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Turkish doctor in hot water over LOTR meme, but his lawyer has a brilliant strategy

Lord of the Rings
Confusing Gollum with Smeagol is the sort of thing that you might get chewed out for on obscure Internet forums, but the distinction between the two personalities of Tolkien’s precious-obsessed creature is taking on great significance in a high-profile Turkish court case.

In Turkey, it’s currently a crime to insult a public figure, a crime that doctor Bilgin Ciftci is alleged to have committed when he shared the meme below, which the court believes compares Turkish President Recep Tayyip to the corrupt and murderous Gollum. While you might be inclined to laugh the photo off, it could net Ciftci up to two years in prison and has already cost him his job.

While comparing anyone to Gollum would undoubtedly be insulting, if you look at the meme closely, all three images on the left hand side appear to feature Smeagol, the good-natured, amiable Hobbit that fights Gollum for control over the body that they both inhabit. Ciftci’s lawyer Hicran Danisman believes that, if he can prove that President Tayyip is being compared to Smeagol in the photo, the prosecution can no longer allege that the meme is insulting. Considering that the freedom of expression argument has reportedly gotten the defense nowhere, this is a pretty brilliant tack to take.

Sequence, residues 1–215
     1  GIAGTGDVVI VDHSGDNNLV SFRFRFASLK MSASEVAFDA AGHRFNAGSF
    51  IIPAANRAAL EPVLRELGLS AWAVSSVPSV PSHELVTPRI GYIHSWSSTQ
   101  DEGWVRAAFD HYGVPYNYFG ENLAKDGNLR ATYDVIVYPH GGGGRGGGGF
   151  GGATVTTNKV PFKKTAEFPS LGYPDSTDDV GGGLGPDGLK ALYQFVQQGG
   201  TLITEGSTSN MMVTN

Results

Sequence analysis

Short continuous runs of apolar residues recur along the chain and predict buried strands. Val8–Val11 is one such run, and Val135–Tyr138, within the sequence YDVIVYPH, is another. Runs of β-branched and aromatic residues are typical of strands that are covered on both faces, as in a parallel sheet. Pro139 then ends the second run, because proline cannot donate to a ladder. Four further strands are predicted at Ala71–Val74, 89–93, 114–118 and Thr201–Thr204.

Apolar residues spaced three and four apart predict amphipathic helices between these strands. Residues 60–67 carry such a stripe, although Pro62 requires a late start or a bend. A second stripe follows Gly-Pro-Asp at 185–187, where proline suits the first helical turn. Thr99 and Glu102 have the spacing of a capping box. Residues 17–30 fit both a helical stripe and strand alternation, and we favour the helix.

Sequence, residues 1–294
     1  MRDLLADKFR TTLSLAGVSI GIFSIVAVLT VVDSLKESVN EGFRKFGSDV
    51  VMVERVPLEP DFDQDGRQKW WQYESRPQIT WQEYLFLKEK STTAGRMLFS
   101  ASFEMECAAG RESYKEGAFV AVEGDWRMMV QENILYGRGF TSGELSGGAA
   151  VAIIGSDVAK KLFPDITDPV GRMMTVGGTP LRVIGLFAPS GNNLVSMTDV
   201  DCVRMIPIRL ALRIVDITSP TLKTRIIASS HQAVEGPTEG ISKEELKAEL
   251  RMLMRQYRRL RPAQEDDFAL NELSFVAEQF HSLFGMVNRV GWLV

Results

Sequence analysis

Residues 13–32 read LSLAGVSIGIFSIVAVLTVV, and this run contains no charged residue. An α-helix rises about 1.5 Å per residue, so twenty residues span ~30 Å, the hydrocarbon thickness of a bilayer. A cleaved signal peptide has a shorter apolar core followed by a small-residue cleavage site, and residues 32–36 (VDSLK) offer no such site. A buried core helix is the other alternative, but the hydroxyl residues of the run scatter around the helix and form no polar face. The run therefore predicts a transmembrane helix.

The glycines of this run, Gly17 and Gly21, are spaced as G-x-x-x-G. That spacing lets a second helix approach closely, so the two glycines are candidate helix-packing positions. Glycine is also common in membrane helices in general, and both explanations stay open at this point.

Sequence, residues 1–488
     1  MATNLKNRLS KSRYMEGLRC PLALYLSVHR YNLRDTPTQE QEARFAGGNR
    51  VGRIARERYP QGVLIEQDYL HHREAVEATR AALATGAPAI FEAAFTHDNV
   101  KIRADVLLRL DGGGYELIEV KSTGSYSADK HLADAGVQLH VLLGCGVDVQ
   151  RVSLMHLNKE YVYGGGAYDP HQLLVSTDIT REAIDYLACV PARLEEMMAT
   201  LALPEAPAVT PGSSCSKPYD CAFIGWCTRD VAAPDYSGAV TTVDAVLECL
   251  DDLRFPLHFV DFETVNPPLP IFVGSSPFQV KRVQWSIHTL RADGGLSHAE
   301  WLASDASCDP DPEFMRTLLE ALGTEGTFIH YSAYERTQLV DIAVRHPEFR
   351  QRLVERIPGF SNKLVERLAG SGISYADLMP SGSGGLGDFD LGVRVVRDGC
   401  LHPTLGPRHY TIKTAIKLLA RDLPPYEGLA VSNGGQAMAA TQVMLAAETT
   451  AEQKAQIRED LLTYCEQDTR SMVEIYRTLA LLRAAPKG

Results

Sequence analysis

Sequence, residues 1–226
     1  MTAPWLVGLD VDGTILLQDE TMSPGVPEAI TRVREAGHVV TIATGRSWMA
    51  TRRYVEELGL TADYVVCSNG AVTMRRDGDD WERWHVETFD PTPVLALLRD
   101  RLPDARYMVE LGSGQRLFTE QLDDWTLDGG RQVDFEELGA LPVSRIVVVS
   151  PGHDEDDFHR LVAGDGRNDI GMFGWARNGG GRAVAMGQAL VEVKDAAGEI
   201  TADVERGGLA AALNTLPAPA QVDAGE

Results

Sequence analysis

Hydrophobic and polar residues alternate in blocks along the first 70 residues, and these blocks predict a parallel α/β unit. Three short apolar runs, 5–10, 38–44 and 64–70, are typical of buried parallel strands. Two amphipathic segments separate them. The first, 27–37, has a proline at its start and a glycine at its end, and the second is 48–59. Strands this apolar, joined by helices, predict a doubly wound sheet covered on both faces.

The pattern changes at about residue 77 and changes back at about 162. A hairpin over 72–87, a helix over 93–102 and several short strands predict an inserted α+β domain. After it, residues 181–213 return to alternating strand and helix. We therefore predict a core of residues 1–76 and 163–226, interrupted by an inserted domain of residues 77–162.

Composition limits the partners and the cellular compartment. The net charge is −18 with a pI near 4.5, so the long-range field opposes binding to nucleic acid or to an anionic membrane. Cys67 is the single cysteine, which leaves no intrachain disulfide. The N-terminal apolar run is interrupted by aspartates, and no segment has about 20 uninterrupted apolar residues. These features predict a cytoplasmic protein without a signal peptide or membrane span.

According to Deadline Hollywood, the issue has received such attention that Lord of the Rings trilogy director Peter Jackson and screenwriters Fran Walsh and Philippa Boyens have issued the following statement in effort to clear up any confusion on the matter:

“If the images [in question] are in fact the ones forming the basis of this Turkish lawsuit, we can state categorically: None of them feature the character known as Gollum. All of them are images of the character called Smeagol.”

Game, set and match … right?

Well, not so fast. The judge in Ciftic’s trial has called upon five LOTR lore experts to help clear the matter up, and because Jackson & Co. were not consulted for the trial, their statement may not hold water legally.

That said, you have to believe that these so-called experts should be able to explain the situation to the judge. We’ll have to wait and see, and in the meantime, if you’re reading this from a country that won’t jail you for poking fun at a public figure, you may want to take a second to count your blessings.

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